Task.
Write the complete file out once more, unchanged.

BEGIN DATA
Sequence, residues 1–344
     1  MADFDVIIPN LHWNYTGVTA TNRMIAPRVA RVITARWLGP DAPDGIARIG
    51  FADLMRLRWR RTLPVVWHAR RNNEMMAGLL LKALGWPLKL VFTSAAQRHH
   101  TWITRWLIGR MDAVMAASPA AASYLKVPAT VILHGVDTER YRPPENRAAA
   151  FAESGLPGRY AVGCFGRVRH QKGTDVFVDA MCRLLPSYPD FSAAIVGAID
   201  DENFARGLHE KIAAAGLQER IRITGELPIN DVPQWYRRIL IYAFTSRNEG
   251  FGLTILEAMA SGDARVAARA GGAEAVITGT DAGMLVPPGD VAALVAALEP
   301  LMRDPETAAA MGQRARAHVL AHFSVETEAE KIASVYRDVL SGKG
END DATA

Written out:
Sequence, residues 1–344
     1  MADFDVIIPN LHWNYTGVTA TNRMIAPRVA RVITARWLGP DAPDGIARIG
    51  FADLMRLRWR RTLPVVWHAR RNNEMMAGLL LKALGWPLKL VFTSAAQRHH
   101  TWITRWLIGR MDAVMAASPA AASYLKVPAT VILHGVDTER YRPPENRAAA
   151  FAESGLPGRY AVGCFGRVRH QKGTDVFVDA MCRLLPSYPD FSAAIVGAID
   201  DENFARGLHE KIAAAGLQER IRITGELPIN DVPQWYRRIL IYAFTSRNEG
   251  FGLTILEAMA SGDARVAARA GGAEAVITGT DAGMLVPPGD VAALVAALEP
   301  LMRDPETAAA MGQRARAHVL AHFSVETEAE KIASVYRDVL SGKG